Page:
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The Employee Experience Platform | Culture Amp
Case study

How Etsy improved employee engagement

Etsy has used Culture Amp for the past three years and was initially brought on by Brian Christman who had previous experience with the platform. As a company with a strong do-it-yourself culture, Etsy had a fairly effective survey put in place, but they knew the process wasn’t scalable. A primary concern was making sure that the new surveys were truly anonymous, allowing people to freely express their feelings.

A scalable approach to feedback

Participation in the Engagement survey has stayed above 85% for Etsy. Christman credits this high participation rate to lots of work from the HR team, as well as having an executive team that fosters a culture of feedback. “Culture Amp is a very easy tool to use. It’s not a heavy lift, you can do it on your phone, you can do it at your desk, you can complete it in about 10 minutes – so that’s helpful,” he says.

The need for insight into employee sentiment was especially useful to Christman and his team during their IPO last year. Christman says that Culture Amp during that time was invaluable because, “we really wanted to see how the effects of that whole process, which we knew was going to be difficult (culturally and operationally) played out. The fact that we had a benchmark of the past two years was really helpful.”

Personally, Christman’s favorite tool within Culture Amp is the Heatmap report, to which he is completely addicted. Expanding on this point he says, “I find them to be a quick and easy way to scan the organization and understand where our hot spots or problem areas are.”

In addition to their Engagement surveys, Etsy has begun conducting exit interviews on Culture Amp.

Etsy is a learning organization guided by research and analytics. We engage employees through multiple channels of communication to surface feedback and insights about our collective challenges and successes. Culture Amp helps us collect important, anonymous feedback from our employees about their experience and sentiment at work.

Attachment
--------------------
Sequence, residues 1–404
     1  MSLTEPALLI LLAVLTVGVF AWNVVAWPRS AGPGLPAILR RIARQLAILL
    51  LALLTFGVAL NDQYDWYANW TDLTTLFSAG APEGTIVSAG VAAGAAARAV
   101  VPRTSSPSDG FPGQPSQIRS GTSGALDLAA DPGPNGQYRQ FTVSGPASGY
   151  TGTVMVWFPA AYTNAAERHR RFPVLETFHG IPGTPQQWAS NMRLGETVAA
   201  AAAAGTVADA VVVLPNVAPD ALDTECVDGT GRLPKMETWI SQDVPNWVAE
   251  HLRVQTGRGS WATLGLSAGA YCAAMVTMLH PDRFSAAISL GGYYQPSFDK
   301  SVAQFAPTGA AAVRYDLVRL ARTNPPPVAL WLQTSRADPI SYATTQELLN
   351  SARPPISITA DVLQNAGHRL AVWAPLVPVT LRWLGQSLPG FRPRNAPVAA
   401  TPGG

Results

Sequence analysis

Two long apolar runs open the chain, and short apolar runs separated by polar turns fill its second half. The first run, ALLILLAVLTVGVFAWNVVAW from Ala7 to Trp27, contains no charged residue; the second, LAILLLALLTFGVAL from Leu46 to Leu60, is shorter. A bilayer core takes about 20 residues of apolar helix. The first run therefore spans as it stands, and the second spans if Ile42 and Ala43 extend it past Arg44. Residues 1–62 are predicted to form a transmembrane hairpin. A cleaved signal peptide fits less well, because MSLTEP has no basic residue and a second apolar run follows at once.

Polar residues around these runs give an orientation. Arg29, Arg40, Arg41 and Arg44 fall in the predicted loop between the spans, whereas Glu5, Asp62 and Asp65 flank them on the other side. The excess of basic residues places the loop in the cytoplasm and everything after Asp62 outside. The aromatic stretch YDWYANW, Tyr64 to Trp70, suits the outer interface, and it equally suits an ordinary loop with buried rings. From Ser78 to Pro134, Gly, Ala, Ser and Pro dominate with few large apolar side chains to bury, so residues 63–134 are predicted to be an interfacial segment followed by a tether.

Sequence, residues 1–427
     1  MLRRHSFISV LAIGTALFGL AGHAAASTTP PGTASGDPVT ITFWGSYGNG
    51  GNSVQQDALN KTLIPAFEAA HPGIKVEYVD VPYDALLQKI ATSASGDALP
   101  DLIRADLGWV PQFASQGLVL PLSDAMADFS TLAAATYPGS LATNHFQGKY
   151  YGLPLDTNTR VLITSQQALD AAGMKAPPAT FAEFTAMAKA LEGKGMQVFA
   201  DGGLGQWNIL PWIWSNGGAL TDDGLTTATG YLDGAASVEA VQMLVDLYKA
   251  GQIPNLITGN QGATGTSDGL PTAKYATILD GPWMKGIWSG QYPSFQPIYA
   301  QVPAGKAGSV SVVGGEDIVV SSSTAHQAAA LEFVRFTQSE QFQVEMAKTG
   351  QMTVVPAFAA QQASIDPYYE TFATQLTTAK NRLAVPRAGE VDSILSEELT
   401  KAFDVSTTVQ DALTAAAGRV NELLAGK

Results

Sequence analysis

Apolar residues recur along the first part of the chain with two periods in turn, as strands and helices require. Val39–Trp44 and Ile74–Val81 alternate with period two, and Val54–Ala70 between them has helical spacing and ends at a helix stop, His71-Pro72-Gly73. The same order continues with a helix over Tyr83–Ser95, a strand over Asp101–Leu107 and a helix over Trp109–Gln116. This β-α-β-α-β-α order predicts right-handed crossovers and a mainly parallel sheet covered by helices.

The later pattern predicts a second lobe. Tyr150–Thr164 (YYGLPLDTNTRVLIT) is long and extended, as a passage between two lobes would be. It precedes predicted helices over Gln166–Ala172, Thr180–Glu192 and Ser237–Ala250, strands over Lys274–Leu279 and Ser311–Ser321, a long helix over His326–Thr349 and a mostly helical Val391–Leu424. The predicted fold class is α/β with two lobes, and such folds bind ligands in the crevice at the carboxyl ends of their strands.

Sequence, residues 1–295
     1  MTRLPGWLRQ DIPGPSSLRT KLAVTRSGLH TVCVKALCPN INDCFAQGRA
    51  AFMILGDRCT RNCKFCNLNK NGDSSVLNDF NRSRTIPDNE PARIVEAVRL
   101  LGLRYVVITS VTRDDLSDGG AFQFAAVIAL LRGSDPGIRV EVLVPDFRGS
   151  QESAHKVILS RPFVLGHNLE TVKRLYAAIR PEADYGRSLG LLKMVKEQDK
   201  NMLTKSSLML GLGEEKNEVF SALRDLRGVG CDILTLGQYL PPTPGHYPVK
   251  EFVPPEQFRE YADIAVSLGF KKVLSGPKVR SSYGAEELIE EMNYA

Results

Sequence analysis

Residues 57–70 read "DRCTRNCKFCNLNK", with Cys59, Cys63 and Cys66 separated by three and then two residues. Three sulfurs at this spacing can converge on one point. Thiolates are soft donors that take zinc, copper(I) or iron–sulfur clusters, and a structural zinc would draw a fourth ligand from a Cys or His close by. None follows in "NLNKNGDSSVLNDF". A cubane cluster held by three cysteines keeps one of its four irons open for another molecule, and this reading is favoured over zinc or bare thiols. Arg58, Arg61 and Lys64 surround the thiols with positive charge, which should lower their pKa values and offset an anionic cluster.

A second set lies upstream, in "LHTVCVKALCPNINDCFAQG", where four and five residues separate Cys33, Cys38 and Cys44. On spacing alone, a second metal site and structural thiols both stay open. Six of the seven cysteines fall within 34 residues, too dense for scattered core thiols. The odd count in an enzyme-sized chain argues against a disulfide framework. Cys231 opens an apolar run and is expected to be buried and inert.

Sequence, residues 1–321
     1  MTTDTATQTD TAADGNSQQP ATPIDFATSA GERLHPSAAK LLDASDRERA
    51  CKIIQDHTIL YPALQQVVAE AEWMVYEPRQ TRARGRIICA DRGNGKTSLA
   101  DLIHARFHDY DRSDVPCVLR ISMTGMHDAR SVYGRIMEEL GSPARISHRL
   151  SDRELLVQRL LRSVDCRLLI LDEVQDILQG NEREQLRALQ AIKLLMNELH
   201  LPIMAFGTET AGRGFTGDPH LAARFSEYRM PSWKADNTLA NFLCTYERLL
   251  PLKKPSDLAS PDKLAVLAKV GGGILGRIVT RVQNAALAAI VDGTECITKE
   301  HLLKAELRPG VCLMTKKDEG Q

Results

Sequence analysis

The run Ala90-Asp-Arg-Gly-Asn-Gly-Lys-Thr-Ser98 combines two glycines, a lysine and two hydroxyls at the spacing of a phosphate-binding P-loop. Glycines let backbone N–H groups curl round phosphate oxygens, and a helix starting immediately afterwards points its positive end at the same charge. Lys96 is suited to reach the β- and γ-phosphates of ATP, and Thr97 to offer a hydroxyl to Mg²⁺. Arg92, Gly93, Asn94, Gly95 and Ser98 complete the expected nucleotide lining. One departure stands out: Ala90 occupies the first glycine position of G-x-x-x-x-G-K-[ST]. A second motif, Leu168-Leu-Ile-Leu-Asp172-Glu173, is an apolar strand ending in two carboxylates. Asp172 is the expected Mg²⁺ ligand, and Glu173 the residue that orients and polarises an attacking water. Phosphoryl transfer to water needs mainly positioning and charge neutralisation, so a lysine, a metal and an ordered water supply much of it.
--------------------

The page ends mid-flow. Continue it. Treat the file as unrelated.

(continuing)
— Brian Christman

Communicating survey results

In keeping with their focus on communication, Christman’s team provides survey results through multiple channels. First, the results of each Engagement Survey are presented in an all-hands meeting where the themes, participation and main takeaways are discussed. Next, every Etsy employee receives access to Culture Amp data so they can explore high-level results on their own time. Christman says this part is particularly valuable as it “helps close the loop for employees to say, ‘I really want to participate in this because I’m really interested in the results and I know I’m going to get them.’”

Importantly, Christman says Etsy’s CEO, Chad Dickerson, is very engaged with the results and wants to understand the ‘why’ behind them. Christman elaborates on Dickerson’s involvement saying, “He has, to a very large degree, taken that feedback and talked about it to the executive team. We talk about our structural changes, our organizational design changes, our communication changes and the need to bend the curve on some of the feedback that we’re having.”

Etsy leaders and managers also receive specialized attention in regards to their department’s survey results. These employees are coached through their results, and are encouraged to share them with their teams transparently. Christman says this allows “employees to know they’re being heard, which I think re-engages them to participate in the survey the next time.”

While the team is humble, the ability to see how Etsy stacks up to others in the New Tech Benchmark report is a bonus for employees and the HR team. As of their November 2015 Engagement Survey, Etsy’s engagement score is six percentage points above benchmark. In recent years they’ve tailored questions to more closely match ones in the Benchmark report, allowing for a solid comparison. It provides insights into areas that might seem low for Etsy, but are average in the overall industry. Christman says the benchmark data is important. “We always want to be better, so I think that relative benchmark is really important for companies to understand.”


Brooklyn, NY

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